UNITED NATIONS (AP) — A disproportionate number of attacks on civilians in Yemen’s conflict appear to be carried out by the Saudi-led and U.S.-supported coalition, the United Nations human rights chief told the U.N. Security Council on Tuesday. The gathering was meant to press all sides to end a war that has shattered the Arab world’s poorest country.
Zeid Raad al-Hussein spoke as U.N.-sponsored peace talks on Yemen are scheduled to reconvene Jan. 14 after collapsing Sunday in Switzerland. Fighting continues despite a cease-fire agreement in place until at least Dec. 28.
The U.N. says the conflict has killed at least 5,884 people since March, when airstrikes by the Saudi-led coalition began.
Yemen’s internationally recognized government and the Saudi-led coalition are fighting Iran-supported Houthi rebels and supporters of the country’s longtime former president. The conflict is seen as a deadly reflection of the struggle between enemies Saudi Arabia and Iran for influence in the region.
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U.N. special envoy Ismail Ould Cheikh Ahmed warned of “deep divisions” that remain and said the path to peace would be long and difficult.
Tuesday’s open meeting was organized by the United States, the current council president. The rare public meeting on the Yemen crisis gave the 15 council members and U.N. officials a chance to openly pressure all parties.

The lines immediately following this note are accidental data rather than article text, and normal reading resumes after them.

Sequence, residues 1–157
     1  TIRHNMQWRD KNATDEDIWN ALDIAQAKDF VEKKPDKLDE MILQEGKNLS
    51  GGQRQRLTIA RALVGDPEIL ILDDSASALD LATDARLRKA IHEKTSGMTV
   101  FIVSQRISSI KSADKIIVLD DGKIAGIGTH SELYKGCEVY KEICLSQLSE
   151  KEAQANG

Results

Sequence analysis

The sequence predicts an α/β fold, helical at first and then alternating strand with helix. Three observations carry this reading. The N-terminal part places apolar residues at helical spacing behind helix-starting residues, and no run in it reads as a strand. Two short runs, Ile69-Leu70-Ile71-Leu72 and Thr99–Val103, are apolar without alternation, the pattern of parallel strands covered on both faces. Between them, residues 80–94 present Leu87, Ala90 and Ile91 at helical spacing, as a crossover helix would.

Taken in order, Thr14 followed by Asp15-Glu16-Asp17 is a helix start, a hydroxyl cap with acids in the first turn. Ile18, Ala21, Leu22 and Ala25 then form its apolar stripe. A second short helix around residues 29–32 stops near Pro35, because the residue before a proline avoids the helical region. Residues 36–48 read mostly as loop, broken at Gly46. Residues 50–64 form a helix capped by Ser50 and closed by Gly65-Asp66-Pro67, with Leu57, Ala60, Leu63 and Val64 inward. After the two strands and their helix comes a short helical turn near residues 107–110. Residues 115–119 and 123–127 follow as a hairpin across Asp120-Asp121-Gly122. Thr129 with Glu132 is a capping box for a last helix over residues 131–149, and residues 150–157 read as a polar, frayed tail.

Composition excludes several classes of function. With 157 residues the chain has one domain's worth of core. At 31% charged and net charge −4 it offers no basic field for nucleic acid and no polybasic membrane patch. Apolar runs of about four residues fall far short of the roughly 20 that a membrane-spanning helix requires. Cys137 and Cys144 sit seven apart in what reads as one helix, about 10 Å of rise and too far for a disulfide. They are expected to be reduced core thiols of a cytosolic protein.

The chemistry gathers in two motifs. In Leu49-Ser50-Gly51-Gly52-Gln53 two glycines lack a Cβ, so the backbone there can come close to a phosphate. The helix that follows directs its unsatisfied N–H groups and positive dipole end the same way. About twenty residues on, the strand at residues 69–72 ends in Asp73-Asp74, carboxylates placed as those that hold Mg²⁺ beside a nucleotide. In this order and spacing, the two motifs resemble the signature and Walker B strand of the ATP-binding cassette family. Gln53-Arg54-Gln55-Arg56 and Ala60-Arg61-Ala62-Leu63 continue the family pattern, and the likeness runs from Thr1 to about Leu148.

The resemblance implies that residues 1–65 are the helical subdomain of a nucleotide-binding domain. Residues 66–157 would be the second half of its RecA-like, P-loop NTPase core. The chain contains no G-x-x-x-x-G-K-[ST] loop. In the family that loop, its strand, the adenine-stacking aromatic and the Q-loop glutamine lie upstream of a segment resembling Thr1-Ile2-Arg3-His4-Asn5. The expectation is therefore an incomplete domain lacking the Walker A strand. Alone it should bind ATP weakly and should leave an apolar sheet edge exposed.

A notable absence was Saudi Arabia, Yemen’s powerful northern neighbor. An email to a spokesman for the mission requesting comment brought no immediate response.
Human rights groups have repeatedly blamed the Saudi-led coalition for killing civilians and destroying health centers and other infrastructure with airstrikes. A statement by Human Rights Watch on Tuesday criticized the Security Council for “remaining almost silent on coalition abuses.”
Looking ahead to the meeting, U.S. Ambassador Samantha Power told reporters Monday evening that the U.S. has repeatedly urged Saudi Arabia to fully comply with international humanitarian law. “Those conversations have happened at really every level,” she said. The United States has backed the coalition with arms sales.
On Tuesday, Power said the U.S. will “continue to urge the Saudi coalition to ensure lawful and discriminate targeting.”
A statement Tuesday by Celine Langlois, who served as the emergency medical coordinator for the aid group Doctors Without Borders in Yemen, described the effects of airstrikes in the capital, Sanaa.
“The plane flies over, drops a bomb and goes away — and then comes back,” Langlois said. “It can stay in the sky for hours, making everyone nervous. All people want is for the plane to empty its deadly cargo and go away so they can continue with their day.”
She described a coalition bombing of a compound in front of a Sanaa hospital. “While the hospital staff were evacuating patients from the building, two children died_not because of the airstrikes, but because of a lack of oxygen,” she said.
The U.N. is supposed to provide technical assistance to Yemen’s government to look into human rights abuses, but Zeid said member states’ approval for needed U.N. personnel is pending.
Zeid also said a “failed state” in Yemen would almost certainly give space for further growth of extremist groups like the Islamic State.
The U.N. deputy humanitarian coordinator, Kyung-wha Kang, said millions of people in Yemen are malnourished and that the country’s health system is “close to collapse.”
Aid delivery to most of the country remains difficult, and some council members called for a lifting of blockades to allow access.